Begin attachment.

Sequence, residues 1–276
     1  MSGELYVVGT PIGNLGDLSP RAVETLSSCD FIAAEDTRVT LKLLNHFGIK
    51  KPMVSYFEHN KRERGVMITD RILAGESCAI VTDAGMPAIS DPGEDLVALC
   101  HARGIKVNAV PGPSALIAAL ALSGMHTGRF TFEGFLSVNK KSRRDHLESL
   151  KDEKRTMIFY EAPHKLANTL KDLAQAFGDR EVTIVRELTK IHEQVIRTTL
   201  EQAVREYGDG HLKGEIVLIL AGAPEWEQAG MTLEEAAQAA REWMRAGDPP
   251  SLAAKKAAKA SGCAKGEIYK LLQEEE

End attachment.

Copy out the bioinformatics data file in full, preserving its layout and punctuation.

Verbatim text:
Sequence, residues 1–276
     1  MSGELYVVGT PIGNLGDLSP RAVETLSSCD FIAAEDTRVT LKLLNHFGIK
    51  KPMVSYFEHN KRERGVMITD RILAGESCAI VTDAGMPAIS DPGEDLVALC
   101  HARGIKVNAV PGPSALIAAL ALSGMHTGRF TFEGFLSVNK KSRRDHLESL
   151  KDEKRTMIFY EAPHKLANTL KDLAQAFGDR EVTIVRELTK IHEQVIRTTL
   201  EQAVREYGDG HLKGEIVLIL AGAPEWEQAG MTLEEAAQAA REWMRAGDPP
   251  SLAAKKAAKA SGCAKGEIYK LLQEEE